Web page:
Mind Matters — Thoughts While Attending Birmingham Meeting Chicken Barbeque

As I leave the house to go to the chicken barbeque at Birmingham Meeting, I hear on NPR that foreign visitors expect the US to be a facsimile (or the real deal) of Desperate Housewives, Dancing With the Stars, Friends, etc. Forty-five years ago I traveled to Italy as a college student. Even though their son had been an exchange student in the US, the family I visited asked me if life in the US was just like the Westerns. I said no, not at all, and then thought, “but I have no idea what the West is like”—surely not like the 1880’s Westerns but certainly not like my Mid-Atlantic hometown either.

Eighteen years ago, I hosted a Hungarian high school student and later got to visit her family. Now the TV serials had morphed from Westerns to Dallas—still the wild west of sorts, maybe? And again I was asked is America like Dallas? I said, “Hardly!” Maybe some of the wealthy in Dallas act like crazy kings but the rest of us do not.

When I arrive at the chicken barbeque I am already deep in thought about America and the state of things. Memories churn. Although I am an occasional attendee at this Quaker Meeting, I am neither a member nor a volunteer.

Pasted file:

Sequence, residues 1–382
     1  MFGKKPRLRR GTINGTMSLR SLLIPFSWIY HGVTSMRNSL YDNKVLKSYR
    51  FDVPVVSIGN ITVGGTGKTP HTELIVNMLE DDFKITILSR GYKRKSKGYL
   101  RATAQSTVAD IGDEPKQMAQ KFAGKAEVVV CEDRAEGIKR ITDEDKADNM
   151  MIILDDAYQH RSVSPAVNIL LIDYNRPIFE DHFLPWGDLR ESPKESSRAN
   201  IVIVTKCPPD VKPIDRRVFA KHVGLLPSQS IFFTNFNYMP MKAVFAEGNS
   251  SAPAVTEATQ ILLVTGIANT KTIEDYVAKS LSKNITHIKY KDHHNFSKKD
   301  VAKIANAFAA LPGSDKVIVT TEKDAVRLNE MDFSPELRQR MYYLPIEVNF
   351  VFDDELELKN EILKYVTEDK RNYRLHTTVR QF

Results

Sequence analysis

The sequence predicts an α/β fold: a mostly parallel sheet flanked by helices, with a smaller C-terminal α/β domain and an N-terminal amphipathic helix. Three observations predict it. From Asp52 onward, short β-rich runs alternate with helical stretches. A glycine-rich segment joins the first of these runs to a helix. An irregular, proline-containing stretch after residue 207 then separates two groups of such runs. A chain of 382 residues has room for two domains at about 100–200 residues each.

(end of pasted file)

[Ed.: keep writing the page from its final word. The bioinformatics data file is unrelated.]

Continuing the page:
I know many of the people here—the “waiters” and the “waitees”—and I think back to how long I have lived here and known these people, even these trees. We moved to this area twenty-six years ago. It is a beautiful place, so many rolling hills and horse farms, one cold forget we are also surrounded by four-lane highways and numerous shopping malls. When we came here, it was much quieter, but Birmingham Meeting is still a peaceful and beautiful place overlooking fields of green. (Revolutionary battles fought here, of course, tell quite a different story.)

This place and these people are not depicted on any TV sitcom or drama. What sitcom deals with donations for removal of landmines in foreign countries such as the little peace table here does?

This is the US for foreign visitors to see: these pockets of life that belie the TV norm. And this bucolic piece of Chester County is hardly the whole story. I grew up in a small mill town in New Jersey across the river from Philadelphia. My store front row house did not have vistas of trees and pasture. And therefore, no sunrises or sunsets to speak of.

It was not until I left home and eventually lived on a small plot of land in Western Pennsylvania, and then here, that I could find landscapes of beauty .There is a quote I like to savor: “The beauty that will save the world is the love that shares the pain.” No, the beauty and the pain of American life is not to be confused with TV renditions of our so-called selves.